Mackenzie Mill Maximizes Wood Fibre with Grant: “It’s the Right Thing To Do”

MACKENZIE, B.C.: close to $615,000 in funding awarded to East Fraser Fiber Co. Ltd. (EFF) by the Forest Enhancement Society of BC (FESBC) is helping to support jobs in Mackenzie and in the recovery of close to 30,000 cubic metres of low-quality fibre that otherwise would not have been used. Extracting as much useable fibre from a block, and not burning it at roadside, allows for significant greenhouse gas emissions to be avoided, contributing to meeting British Columbia’s and Canada’s climate change targets.

“Increased utilization is good for the environment and the economy”

Jo-Anne Lang, RPF, East Fraser Fiber Forester

“Increased utilization is good for the environment and the economy,” said Jo-Anne Lang, RPF, EFF forester. “To be able to do this successfully in remaining mountain pine beetle-killed and significantly deteriorated stands, support such as that provided by FESBC is necessary.”

EFF mill owners Pat and Richard Glazier have always believed that the full utilization of sawlogs and residual material is the right thing to do, which is why 30 years ago the company built a whole log chip plant equipped with the first drum de-barker in B.C. This allowed for efficient debarking of small diameter logs and debris that would otherwise have been left at roadside to be piled and burnt.

“In 2005 and 2006,” said Pat, “We logged a mountain pine beetle-attacked block, and by bringing it in tree length and processing in the yard, we were able to realize 98,000 cubic metres of sawlogs and 35,000 cubic metres of pulp from a block that originally cruised out at 92,000 cubic metres.”

Although it has not always been profitable, EFF has continued to hold on to their vision of enhanced utilization of fibre because they strongly believed in the long-term benefits this approach would bring to revitalizing forests for future generations. “We worked together to make it work,” said Pat.

One of the ways EFF has been working together with partners was through a log purchase agreement with Three Feathers Limited Partnership, a consortium of the Kwadacha First Nation, Tsay Keh Dene First Nation, and the McLeod Lake Indian Band. Three Feathers holds a Non-Replaceable Forest Licence with requirements to harvest significantly damaged leading pine stands of which EFF is currently harvesting and managing volume under this agreement.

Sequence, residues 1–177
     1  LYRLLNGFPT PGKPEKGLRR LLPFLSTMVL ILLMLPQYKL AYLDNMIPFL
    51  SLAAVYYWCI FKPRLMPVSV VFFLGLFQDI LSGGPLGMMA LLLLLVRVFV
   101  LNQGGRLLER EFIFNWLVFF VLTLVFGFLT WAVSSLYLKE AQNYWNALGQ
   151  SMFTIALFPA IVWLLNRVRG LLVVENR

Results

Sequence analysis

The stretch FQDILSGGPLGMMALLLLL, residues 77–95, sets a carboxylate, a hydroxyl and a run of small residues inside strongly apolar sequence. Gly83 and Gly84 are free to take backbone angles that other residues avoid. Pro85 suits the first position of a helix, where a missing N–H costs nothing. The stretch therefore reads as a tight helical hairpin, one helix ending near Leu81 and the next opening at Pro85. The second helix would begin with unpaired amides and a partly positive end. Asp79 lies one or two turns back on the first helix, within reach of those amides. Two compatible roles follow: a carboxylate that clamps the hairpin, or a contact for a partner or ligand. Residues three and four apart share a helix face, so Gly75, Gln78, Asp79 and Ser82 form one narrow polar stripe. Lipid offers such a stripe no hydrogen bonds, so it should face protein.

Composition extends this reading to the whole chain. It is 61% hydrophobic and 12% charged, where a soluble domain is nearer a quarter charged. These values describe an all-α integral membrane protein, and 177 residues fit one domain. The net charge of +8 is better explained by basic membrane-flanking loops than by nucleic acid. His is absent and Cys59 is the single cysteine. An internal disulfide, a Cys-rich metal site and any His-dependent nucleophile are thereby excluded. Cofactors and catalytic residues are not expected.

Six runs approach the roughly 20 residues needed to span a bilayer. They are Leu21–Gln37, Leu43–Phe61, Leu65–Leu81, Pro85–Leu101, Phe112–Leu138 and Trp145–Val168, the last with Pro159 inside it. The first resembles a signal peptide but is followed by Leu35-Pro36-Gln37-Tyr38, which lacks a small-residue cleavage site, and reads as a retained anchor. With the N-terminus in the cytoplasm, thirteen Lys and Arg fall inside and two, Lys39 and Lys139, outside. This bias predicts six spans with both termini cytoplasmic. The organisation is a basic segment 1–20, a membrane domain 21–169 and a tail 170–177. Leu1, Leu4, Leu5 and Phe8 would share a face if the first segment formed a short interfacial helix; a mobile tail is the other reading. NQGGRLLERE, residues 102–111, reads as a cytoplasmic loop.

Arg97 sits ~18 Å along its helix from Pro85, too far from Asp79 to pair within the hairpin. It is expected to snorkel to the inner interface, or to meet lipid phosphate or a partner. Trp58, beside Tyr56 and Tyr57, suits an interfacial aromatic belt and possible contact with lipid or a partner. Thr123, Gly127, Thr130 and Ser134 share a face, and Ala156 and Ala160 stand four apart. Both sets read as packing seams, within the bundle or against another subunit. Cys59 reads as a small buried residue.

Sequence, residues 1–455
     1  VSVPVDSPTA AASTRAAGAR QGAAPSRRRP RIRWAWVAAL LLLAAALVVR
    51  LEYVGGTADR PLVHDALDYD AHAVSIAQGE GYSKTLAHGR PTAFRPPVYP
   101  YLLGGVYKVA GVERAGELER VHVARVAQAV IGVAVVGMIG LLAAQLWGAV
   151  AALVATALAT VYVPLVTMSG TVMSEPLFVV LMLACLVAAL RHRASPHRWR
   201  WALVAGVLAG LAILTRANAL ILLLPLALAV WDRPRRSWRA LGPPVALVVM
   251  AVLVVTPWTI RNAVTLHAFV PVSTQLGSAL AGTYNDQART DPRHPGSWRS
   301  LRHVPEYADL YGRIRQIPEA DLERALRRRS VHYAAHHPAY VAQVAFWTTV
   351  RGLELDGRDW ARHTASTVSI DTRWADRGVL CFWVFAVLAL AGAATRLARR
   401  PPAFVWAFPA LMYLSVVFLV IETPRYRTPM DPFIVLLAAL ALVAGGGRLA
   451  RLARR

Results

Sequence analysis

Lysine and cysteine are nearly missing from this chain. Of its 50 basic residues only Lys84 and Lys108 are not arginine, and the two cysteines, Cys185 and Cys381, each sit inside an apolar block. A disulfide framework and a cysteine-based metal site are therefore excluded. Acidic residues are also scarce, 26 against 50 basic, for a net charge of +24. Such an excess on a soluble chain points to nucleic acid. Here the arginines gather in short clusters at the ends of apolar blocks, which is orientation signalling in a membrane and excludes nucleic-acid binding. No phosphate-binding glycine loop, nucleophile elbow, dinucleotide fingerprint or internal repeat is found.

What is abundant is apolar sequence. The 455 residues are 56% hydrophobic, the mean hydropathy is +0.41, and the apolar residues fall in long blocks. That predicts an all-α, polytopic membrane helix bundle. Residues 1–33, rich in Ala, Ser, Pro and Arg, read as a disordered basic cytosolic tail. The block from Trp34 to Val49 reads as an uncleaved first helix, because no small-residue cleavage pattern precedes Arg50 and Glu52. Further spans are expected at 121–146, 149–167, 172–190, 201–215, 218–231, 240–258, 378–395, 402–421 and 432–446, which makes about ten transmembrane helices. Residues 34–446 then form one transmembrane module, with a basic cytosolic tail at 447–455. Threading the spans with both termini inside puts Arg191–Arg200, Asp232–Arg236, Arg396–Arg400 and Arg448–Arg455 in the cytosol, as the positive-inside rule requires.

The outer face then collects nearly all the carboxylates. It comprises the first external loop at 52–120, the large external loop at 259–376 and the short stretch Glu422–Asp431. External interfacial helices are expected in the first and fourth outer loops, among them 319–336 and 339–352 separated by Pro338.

“We’re still harvesting mountain pine beetle-impacted stands, which are well past their prime,” said Lang. “Harvesting is more costly, and blocks are further and further away from the mill. FESBC funding made it possible to substantially increase the utilization of residual fibre from damaged and low value stands that our company may otherwise have had to leave or burn at roadside because of the costs to transport it. Being able to harvest and deliver the fibre to those who can utilize it will benefit the community, contractors, employees, and the environment.”

Also, EFF now has a business relationship with Sasuchan Development Corporation (SDC) to do similar work.

“Similar to Three Feathers, SDC holds a non-replaceable forest licences (NRFL) with conditions to harvest significantly damaged leading pine stands,” said Lang. “EFF is currently managing and harvesting a portion of this volume under our agreement with SDC, and some of pulp will be extracted from the SDC NRFL utilizing the FESBC funds.”

In providing the grant to EFF through its 7th Intake, FESBC recognized the proposal’s many benefits.

“A project like this generates so many benefits,” said Steve Kozuki, executive director of FESBC. “Healthy forests for future generations of British Columbians, improved wildlife habitat, better water quality, reduced greenhouse gases, reduced wildfire risk, jobs in the Port of Vancouver and beyond, and the enhanced utilization of pulp products which can displace fossil fuels such as plastic straws. Hard-working people in the Mackenzie area are doing their part to make life better for all of us.”

Robert MacCarthy, EFF’s regional manager commented on the good work. “On any given block, we can extract up to 50 per cent additional volume in the form of pulp logs. There is immense overall benefit to the public in making sure the fibre is brought in and utilized.”

Robert MacCarthy, regional manager, East Fraser Fiber

EFF’s operations in Mackenzie include a chip plant, logging side, and a finger joint mill. The finger joint mill is a value-added plant that utilizes residual fibre from sawmills to produce finger joint studs. Residual material from the finger joint and chip plant is sold to others to generate power or produce pulp. Providing employment through every phase, Mackenzie Mayor Joan Atkinson notes the diversity of operations and the economic stability it brings to the community.

“Mackenzie exists to support the forest industry, that’s why the town is here. It’s nice to see a local business like East Fraser Fiber so focused on community and supporting their employees. And kudos to FESBC for raising the bar in terms of forest management and practices. I think companies should be looking at what FESBC is trying to achieve to support sustainable forest management practices especially with so much of our forests having been lost to fire and insects.”